Sometimes segments are referred to as "sections" instead.

  13. #28
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    Quote Originally Posted by Elysia View Post
    What would be the reason for that?
    Once they go out of scope, they disappear, so again, what is the point of recording those variables?
    Variables that do not go out of scope is an entirely different thing.
    The might give an indication that a particular event has occured which might make it easier
    to debug the program.

  14. #29
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    No, they are not global variables.
    Variables that go out of scope are destroyed, so there's no no reason to keep their value around.
    You obviously haven't used a debugger very much, so you wouldn't know.

    Problems do not arise from a variable after it's destroyed.
    Quote Originally Posted by Adak View Post
    io.h certainly IS included in some modern compilers. It is no longer part of the standard for C, but it is nevertheless, included in the very latest Pelles C versions.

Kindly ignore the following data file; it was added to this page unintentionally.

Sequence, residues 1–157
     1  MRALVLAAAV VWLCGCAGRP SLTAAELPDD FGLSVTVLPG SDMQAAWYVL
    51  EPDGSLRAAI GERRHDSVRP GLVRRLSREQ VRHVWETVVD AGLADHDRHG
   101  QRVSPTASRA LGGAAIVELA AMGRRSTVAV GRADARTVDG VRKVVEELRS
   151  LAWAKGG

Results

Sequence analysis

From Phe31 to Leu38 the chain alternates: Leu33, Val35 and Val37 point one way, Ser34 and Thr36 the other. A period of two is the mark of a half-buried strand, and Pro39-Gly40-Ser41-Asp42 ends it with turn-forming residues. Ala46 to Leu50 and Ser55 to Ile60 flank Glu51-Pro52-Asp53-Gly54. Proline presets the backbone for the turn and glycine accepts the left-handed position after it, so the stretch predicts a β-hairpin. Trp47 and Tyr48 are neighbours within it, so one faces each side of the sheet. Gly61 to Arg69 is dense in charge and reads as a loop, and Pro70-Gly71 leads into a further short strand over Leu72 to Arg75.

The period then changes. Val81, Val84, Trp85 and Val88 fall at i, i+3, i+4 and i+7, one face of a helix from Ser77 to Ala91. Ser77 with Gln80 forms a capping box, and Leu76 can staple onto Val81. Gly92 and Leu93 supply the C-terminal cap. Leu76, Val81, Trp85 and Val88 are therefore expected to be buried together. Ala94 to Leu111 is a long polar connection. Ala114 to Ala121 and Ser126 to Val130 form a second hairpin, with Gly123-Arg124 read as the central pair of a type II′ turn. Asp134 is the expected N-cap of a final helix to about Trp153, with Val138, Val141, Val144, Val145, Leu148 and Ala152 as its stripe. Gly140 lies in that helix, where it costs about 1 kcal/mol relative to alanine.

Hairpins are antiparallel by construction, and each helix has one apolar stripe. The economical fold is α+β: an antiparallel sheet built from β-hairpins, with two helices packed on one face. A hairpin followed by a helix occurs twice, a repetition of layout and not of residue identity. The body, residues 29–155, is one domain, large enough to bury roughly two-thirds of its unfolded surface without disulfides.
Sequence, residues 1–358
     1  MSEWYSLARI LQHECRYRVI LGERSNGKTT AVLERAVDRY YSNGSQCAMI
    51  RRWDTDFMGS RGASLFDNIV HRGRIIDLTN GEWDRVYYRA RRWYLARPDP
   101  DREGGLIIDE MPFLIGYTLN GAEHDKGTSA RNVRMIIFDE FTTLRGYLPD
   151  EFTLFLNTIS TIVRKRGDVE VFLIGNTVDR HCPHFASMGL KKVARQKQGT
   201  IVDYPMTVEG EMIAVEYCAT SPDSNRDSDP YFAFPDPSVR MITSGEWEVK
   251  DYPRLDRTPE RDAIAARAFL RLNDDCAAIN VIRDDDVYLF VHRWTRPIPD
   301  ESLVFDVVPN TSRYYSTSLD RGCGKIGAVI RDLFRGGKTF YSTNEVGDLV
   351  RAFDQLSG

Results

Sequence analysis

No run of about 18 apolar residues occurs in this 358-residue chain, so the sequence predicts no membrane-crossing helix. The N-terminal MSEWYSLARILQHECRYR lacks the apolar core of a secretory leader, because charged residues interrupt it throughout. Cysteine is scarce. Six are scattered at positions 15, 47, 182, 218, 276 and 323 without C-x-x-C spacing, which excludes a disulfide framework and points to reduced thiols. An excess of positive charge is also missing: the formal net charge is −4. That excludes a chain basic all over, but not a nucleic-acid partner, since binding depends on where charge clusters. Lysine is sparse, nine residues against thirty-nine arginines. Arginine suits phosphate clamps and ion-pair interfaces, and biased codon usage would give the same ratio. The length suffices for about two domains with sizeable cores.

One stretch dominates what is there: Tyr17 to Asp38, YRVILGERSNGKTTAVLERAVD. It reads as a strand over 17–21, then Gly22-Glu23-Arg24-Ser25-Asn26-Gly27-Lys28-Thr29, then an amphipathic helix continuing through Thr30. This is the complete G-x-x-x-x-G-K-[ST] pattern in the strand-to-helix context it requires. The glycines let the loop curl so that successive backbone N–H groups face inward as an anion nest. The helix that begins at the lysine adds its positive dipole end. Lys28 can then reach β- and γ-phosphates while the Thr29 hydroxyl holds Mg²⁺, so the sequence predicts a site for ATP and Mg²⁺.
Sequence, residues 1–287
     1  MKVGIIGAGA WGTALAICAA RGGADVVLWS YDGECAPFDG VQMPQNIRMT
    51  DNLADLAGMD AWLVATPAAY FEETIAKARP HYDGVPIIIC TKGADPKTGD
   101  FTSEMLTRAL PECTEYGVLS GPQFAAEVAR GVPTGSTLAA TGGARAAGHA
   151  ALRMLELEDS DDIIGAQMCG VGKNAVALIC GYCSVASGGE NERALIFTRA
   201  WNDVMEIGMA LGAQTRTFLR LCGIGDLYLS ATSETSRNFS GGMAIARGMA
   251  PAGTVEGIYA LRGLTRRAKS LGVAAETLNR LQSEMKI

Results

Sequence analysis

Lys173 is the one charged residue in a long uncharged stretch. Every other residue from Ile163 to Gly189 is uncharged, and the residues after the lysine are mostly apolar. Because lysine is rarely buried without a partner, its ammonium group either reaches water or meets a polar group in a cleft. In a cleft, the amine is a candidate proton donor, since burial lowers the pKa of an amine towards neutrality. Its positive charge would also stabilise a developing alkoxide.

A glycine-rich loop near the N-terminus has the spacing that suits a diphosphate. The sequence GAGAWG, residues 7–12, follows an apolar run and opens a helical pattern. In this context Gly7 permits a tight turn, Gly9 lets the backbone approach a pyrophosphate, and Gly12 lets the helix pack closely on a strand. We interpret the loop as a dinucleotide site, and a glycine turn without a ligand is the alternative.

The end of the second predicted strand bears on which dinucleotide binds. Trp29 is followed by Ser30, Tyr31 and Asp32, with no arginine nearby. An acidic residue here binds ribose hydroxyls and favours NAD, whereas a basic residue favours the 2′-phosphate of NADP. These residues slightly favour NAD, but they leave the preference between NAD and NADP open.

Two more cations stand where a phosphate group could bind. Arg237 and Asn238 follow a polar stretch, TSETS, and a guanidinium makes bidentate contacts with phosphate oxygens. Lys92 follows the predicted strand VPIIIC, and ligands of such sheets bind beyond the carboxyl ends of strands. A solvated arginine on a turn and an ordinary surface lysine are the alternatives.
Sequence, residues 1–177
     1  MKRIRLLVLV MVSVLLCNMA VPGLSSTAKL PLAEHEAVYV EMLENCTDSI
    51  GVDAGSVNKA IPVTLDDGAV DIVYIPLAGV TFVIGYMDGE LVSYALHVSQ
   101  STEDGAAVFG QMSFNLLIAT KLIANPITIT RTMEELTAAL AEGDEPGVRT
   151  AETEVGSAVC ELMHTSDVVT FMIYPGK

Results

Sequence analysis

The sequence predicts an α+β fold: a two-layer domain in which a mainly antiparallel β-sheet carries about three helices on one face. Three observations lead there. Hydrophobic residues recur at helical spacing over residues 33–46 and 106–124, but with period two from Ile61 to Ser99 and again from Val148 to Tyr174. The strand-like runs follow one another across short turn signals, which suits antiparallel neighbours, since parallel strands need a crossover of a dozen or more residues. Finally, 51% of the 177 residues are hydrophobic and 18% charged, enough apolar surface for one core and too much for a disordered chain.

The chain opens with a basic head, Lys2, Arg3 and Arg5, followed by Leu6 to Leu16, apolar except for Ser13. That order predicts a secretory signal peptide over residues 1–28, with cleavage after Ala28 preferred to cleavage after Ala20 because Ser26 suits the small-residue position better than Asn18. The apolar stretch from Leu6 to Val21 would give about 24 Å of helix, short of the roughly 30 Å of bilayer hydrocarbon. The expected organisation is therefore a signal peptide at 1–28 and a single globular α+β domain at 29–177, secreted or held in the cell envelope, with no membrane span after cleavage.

Quote Originally Posted by Salem View Post
    You mean it's included as a crutch to help ancient programmers limp along without them having to relearn too much.

    Outside of your DOS world, your header file is meaningless.

  15. #30
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    Quote Originally Posted by Elysia View Post
    No, they are not global variables.
    Variables that go out of scope are destroyed, so there's no no reason to keep their value around.
    You obviously haven't used a debugger very much, so you wouldn't know.

    Problems do not arise from a variable after it's destroyed.
    1. I never said they were global variables.

    2. Future states of a program may be dependant on previous states.

    3 I have used a debugger but I can manage perfectly well without them,
    futhermore a program may run in debug mode but crash when compilied normally.

    4 Knowing the historical values of variables can be an aid to debugging a program.